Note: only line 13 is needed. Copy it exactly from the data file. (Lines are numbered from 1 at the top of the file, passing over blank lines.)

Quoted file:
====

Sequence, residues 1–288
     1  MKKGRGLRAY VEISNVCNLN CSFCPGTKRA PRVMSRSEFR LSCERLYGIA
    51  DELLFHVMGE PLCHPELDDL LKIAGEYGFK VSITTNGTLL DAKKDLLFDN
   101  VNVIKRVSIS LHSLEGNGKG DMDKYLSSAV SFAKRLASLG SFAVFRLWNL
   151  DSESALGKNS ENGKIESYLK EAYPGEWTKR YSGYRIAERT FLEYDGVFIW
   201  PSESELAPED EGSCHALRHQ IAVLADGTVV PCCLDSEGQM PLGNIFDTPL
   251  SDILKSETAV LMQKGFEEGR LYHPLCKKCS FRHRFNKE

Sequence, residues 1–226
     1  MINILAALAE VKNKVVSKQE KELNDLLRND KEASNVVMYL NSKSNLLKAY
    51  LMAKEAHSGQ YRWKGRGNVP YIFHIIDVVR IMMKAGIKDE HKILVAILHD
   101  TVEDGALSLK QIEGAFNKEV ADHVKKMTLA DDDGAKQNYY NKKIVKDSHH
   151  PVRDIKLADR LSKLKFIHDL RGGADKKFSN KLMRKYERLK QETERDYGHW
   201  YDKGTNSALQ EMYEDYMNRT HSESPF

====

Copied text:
   201  YDKGTNSALQ EMYEDYMNRT HSESPF